Following an in-depth investigation, COMCO concluded that effective competition would not be impeded because the two companies will continue to operate as separate services to create strong Swiss alternatives to global providers of search engines, such as Google and social networks, such as Facebook.
On 16 September 2010, the Swiss Competition Commission (“COMCO”) announced (French, German, not available in English) that it is investigating Electrolux’s and V-Zug’s restrictions of online home appliance sales.
In particular, COMCO will look into Electrolux’s and V-Zug’s refusal to allow distributors to sell their products via the Internet. The press release states that, pursuant to COMCO’s new guidelines (see also press release in German) on vertical agreements, in principle distributors should be able to use the Internet and to respond to online orders.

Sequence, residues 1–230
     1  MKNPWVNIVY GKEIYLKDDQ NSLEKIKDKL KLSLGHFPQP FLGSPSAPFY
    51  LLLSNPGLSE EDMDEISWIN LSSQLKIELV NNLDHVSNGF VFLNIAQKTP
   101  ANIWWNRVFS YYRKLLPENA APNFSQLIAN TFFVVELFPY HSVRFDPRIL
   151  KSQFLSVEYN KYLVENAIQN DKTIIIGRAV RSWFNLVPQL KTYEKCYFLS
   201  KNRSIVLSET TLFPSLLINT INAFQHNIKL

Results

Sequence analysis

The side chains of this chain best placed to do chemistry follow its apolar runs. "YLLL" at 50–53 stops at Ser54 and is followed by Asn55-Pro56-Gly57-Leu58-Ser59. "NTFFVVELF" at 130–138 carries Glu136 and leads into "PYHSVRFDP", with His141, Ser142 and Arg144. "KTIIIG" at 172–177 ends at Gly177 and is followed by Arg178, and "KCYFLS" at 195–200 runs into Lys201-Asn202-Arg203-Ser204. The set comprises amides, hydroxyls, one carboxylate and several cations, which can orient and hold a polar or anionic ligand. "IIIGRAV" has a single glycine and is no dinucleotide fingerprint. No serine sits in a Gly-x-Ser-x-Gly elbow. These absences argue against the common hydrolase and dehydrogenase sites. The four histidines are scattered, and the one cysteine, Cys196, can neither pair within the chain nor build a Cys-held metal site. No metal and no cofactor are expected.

Although COMCO does not apply European Union competition law (because Switzerland is not an EU/EEA Member State), last June the Swiss authority issued new guidelines on distribution agreements in order to align its rules with the recently amended EU rules on vertical agreements, which the European Commission published last April and then entered into force on 1 June (See Newsletter 3/2010, p. 4).
The investigation may last up to 12 months, and the authority does not exclude the possibility that other producers of white goods may eventually be drawn into the investigation. [Gabriele Accardo]